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A comparative review of methane policies of the United States and China in the context of US-China climate cooperation

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U.S.-China collaboration is key for global climate governance in methane mitigation.

New Climate Policy study finds that both nations must fill policy gaps and advance climate-focused policies in their methane strategy.

Meet the Experts!

Mengye Zhu, CGS Assistant Research Professor

Steven J. Smith, CGS Associate Research Scholar

Meredydd Evans, CGS Associate Research Scholar

Jenna Behrendt, CGS Research Associate

Ryna Yiyun Cui, CGS Research Director

Jiehong Lou, CGS Assistant Research Director

Nathan Hultman, CGS Director

 Zhu, M., Smith, S., Chen, M., Evans, M., Chai, Q., Teng, F., Wang, P., Cheng, X., Li, W., Behrendt, J., Yu, S., Sha, F., Zhang, H., Cui, R., Lou, J., Ahluwalia, M., Hultman, N., Wang, Y., (2024). A comparative review of methane policies of the United States and China in the context of US-China climate cooperation. Climate Policy. 

  • To date, both countries have shown sectoral disparities and preferred policy instruments, with a strong emphasis on energy. The US leaned towards regulatory policies, while China favored planning instruments.
  • Methane policies in both countries were primarily driven by safety, resource utilization, and pollution concerns, rather than climate concerns. Enhancing methane mitigation and climate benefits calls for climate-centered policies.
  • The US and China should prioritize sectors based on collaboration readiness and mitigation potential, collaborate on methane monitoring and modeling techniques, and enhance policy learning and subnational partnerships.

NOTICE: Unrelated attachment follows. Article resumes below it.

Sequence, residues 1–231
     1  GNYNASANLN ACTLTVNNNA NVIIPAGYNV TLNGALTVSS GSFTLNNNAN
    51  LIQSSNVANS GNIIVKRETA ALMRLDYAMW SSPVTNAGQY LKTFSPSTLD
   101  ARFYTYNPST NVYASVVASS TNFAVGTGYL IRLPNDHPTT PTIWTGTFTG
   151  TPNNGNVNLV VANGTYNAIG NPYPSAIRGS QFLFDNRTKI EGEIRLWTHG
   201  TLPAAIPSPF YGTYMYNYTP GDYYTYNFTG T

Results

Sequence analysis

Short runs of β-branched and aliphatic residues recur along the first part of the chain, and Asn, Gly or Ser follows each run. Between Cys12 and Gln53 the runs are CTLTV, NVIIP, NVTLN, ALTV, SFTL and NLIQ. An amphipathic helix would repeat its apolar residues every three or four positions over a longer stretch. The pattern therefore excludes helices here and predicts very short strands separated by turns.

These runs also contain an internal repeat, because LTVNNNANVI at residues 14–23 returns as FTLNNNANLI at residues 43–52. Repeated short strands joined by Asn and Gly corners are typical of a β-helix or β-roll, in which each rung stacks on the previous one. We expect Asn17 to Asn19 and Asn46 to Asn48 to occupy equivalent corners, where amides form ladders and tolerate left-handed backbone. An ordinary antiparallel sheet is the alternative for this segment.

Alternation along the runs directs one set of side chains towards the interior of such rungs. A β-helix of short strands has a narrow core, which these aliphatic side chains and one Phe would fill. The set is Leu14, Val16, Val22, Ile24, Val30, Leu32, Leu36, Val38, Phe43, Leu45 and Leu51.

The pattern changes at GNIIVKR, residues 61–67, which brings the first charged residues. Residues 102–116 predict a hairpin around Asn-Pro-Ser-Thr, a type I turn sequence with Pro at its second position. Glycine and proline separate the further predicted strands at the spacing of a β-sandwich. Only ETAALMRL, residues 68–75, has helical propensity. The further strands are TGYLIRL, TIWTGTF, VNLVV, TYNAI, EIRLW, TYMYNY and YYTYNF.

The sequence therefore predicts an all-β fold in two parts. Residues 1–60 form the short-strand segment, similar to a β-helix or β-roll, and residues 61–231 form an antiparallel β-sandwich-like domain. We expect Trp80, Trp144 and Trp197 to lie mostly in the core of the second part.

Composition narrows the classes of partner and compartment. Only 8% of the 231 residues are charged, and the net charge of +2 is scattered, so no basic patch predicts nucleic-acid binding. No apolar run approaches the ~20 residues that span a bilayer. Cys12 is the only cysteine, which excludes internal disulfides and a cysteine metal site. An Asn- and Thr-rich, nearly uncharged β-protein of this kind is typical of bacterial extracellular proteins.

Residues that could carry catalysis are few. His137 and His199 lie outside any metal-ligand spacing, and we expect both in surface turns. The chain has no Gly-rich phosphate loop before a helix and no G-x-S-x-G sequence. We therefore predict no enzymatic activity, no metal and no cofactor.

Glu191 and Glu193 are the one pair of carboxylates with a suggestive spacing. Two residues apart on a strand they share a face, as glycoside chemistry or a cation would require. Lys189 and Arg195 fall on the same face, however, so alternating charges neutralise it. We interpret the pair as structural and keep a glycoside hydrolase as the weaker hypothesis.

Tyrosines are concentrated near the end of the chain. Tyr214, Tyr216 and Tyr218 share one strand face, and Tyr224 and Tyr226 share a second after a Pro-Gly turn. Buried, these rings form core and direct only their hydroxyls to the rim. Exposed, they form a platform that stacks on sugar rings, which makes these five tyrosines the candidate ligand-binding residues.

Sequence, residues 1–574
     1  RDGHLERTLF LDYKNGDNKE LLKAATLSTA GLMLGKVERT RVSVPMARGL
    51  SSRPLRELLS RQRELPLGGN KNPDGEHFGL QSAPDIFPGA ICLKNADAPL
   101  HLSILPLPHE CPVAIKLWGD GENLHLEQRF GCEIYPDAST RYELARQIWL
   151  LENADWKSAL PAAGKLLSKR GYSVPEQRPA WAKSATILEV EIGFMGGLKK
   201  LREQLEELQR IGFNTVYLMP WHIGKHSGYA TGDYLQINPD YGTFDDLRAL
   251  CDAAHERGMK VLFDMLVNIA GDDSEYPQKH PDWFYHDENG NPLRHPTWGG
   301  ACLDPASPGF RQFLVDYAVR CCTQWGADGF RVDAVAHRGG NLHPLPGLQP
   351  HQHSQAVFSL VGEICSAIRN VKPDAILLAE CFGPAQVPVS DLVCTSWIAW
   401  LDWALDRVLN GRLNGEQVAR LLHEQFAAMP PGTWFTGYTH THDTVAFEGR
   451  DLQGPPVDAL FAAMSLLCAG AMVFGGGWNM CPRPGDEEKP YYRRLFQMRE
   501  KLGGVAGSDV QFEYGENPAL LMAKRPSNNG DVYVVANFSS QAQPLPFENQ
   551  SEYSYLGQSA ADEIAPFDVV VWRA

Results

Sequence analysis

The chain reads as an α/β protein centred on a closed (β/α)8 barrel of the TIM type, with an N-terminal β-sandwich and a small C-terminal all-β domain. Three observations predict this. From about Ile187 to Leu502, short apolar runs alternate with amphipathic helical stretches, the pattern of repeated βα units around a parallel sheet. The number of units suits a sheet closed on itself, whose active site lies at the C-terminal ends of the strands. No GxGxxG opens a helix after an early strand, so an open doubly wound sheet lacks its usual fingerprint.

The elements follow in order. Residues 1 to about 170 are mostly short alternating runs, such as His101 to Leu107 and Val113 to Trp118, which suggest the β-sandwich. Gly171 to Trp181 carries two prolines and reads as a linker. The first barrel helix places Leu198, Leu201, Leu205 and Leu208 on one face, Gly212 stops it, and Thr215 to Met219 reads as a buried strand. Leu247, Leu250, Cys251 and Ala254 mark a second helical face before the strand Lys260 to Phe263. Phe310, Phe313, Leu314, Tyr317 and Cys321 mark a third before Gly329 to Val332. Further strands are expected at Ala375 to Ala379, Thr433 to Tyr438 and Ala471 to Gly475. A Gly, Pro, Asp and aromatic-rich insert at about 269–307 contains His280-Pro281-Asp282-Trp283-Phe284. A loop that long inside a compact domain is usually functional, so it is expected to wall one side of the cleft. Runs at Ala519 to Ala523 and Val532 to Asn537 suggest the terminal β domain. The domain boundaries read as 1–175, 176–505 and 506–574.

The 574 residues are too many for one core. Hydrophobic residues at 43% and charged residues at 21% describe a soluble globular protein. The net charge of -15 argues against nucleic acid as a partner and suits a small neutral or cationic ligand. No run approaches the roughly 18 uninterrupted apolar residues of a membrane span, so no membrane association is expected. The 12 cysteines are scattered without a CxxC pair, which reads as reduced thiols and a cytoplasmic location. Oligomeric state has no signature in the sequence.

Methane is a powerful greenhouse gas. The US and China are the world’s two of the largest methane emitters and jointly committed to tackling this global challenge in the US-China Joint Glasgow Declaration at COP26 in 2021. However, few studies have revealed the methane policy landscape in the two countries. Greater understanding of these policies and how they have evolved is critical for enhancing future actions. We addressed important research topics currently understudied, including the types of policy instruments used, the commonalities and differences between the two countries in their primary policy foci, and the evolution and driving forces of methane policies.  This study conducted a comprehensive and comparative review of methane-related governance structures and policy frameworks in both countries. We performed policy mapping based on systematic and large-scale policy document collection and screening, followed by an in-depth review of the development of methane policies in both countries. This study found that both countries placed uneven emphases across sectors, with a notable focus on the energy sector. While the US showed a preference for regulatory policy instruments such as acts, rules and regulations, China primarily utilized planning instruments such as Five-Year Plans (FYPs), notices, and working guidelines. Additionally, methane policies in both countries were largely driven by safety, resource utilization, and pollution concerns rather than reducing greenhouse gas emissions. Our study suggests that both countries should fill the policy gaps to accelerate their actions on methane mitigation and consider more climate-centric policies. It underlines the potential for US-China collaboration through the exchange of knowledge and best practices, which would also greatly advance global climate governance. 

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